Before I explain how to improve your writing with flash fiction, I will explain what it is. Flash fiction is a fun and creative way to improve your writing, but it can be a challenge. If you haven’t heard of flash fiction, it is short fiction, which challenges writers to create stories with very small and specific word counts. Flash fiction forces ingenuity and makes writers value every word they put into their writing.
Typically, flash fiction will always be under 1,000 words. There is usually a specific word count, often somewhere along the lines of 750, 500, 250 or 100. Many people often start out at 1000 words and then will decrease that limit for the next story. It gets more and more difficult as you lower your word count.
Brevity is the point to flash fiction. It helps you see which words in your writing are just filler words and helps you restructure your sentences to get your point across quickly and clearly. When you are just starting out, try writing as you normally would and then go back in with your editing pen and go to town. It is truly amazing how much can be eliminated before you need to worry about sacrificing clarity.
The goal should ultimately be compression. The difficulty is having to change your usual style and structure (possibly completely) in order to tell a great story in as few words as possible. This is where it becomes a helpful tool for all writers. Not only each sentence, but each word can carry a great amount of weight in your story and figuring out how to rid your writing of any words or sentences that do not carry any weight, can make your work that much more potent.
In order to be successful in writing flash fiction you need to experiment with implied concepts. By that I mean, structuring your sentences so that single word, or a few words combined, implies one or multiple other things. For example, you may have heard of Hemingway’s six-word story. If you haven’t, here it is:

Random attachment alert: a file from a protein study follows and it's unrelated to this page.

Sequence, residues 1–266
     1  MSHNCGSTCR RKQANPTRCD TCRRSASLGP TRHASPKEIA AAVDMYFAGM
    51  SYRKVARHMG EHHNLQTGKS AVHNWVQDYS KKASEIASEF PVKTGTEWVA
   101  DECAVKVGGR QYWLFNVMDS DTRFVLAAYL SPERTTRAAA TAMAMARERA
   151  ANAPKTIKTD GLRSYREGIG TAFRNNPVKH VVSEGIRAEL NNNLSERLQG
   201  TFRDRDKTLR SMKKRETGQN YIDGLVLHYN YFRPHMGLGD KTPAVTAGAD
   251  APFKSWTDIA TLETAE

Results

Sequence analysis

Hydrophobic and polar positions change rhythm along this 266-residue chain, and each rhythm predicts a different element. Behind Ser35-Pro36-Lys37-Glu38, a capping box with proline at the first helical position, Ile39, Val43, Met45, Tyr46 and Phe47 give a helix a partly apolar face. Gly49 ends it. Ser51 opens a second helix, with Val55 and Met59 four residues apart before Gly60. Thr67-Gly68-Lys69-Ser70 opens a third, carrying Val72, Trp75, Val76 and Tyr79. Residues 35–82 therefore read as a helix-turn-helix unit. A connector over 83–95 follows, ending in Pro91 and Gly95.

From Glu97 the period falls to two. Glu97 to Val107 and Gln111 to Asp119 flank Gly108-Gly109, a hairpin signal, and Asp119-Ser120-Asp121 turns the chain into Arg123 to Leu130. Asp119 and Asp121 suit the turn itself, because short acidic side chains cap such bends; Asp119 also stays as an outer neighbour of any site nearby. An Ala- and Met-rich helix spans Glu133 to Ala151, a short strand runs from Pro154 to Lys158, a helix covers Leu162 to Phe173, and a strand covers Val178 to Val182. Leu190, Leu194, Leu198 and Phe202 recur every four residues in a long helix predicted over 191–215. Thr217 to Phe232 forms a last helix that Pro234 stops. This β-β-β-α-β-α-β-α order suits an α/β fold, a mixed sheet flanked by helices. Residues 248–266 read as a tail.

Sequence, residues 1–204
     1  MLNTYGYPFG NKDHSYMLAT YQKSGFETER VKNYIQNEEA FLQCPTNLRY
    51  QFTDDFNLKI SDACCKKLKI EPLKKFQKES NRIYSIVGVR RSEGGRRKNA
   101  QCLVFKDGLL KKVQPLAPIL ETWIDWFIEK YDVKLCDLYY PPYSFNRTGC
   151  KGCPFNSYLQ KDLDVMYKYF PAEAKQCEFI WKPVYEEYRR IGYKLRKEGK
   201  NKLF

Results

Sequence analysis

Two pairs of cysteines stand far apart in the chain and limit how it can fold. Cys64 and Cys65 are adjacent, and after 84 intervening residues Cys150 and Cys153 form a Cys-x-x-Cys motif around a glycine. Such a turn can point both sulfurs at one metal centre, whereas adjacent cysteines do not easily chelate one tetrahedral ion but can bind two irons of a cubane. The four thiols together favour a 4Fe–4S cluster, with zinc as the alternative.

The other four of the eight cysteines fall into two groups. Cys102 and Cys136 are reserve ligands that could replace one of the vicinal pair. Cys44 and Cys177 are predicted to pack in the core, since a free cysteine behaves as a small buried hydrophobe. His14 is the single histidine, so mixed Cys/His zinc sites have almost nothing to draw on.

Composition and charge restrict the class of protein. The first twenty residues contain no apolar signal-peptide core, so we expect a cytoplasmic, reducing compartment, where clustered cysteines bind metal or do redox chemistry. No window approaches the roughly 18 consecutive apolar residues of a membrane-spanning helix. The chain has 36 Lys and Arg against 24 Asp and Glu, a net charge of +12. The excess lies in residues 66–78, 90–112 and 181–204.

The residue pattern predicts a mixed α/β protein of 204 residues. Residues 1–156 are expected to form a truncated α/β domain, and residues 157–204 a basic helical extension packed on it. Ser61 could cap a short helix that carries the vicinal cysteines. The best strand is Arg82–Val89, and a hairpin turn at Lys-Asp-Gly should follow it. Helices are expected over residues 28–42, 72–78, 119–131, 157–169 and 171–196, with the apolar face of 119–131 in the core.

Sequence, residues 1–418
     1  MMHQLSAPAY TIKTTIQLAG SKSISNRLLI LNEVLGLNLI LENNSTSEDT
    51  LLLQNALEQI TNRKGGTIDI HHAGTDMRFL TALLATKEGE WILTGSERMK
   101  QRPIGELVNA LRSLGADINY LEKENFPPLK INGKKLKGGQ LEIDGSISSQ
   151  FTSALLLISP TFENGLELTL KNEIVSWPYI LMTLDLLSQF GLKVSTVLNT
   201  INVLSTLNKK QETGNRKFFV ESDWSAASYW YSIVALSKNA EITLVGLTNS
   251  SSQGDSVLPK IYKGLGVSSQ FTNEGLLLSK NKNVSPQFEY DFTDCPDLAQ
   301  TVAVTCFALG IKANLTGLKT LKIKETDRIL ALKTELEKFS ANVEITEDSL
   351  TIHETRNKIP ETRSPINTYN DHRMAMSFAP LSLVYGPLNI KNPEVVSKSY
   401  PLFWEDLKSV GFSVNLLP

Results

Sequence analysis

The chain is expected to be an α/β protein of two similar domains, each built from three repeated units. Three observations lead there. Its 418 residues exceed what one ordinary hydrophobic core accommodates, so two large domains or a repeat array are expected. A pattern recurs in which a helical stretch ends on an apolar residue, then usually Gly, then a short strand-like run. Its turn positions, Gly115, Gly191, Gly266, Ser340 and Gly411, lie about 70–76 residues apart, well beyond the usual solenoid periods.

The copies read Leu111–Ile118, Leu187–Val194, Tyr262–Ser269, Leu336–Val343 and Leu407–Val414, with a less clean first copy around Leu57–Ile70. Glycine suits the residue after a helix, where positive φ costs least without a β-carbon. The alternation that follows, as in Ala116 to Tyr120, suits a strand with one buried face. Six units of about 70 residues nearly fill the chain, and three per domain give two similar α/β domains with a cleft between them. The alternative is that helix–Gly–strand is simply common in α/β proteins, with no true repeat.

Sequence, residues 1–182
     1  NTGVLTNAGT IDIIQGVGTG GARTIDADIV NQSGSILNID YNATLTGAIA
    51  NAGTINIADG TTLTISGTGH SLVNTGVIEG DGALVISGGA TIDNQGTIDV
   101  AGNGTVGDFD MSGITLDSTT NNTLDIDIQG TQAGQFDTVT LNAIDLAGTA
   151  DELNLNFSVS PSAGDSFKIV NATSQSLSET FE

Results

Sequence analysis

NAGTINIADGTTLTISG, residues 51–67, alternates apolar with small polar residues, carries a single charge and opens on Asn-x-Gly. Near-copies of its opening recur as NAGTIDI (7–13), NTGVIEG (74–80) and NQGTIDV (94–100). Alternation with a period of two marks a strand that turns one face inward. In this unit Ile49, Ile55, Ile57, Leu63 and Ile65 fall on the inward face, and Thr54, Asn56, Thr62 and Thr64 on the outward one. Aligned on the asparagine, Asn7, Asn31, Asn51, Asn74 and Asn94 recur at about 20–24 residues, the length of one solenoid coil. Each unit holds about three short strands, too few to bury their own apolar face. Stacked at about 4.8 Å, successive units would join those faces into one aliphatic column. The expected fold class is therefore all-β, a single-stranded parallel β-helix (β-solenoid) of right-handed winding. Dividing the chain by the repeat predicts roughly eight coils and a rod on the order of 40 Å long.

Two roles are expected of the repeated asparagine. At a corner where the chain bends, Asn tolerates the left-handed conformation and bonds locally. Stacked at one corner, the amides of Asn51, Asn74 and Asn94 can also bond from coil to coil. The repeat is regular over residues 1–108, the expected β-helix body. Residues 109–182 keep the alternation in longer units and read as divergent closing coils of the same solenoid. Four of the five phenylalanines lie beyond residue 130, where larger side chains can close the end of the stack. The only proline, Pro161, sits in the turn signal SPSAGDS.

While this is an extreme model of flash fiction, you can look at this as an example of how much weight each of your sentences need to carry. These six words carry so much emotion and history within them, which is what flash fiction is all about. Every word needs to be powerful but still leave something to be desired.
So try it out for yourself. Give yourself a limit. Maybe just start out with 1000 if you’re new to flash fiction. Write your story first, without worrying too much about word count and then go back and compress. Add weight to your words. Figure out how to imply concepts instead of writing them. You will end up with a better and more interesting story, guaranteed; and, it’s fun!
Editor’s Note: This post was written by Writestream Publishing contributor Kristyn Fetterman. Need help with writing, editing and the independent publishing process? Contact Writestream here to schedule your no-obligation consultation.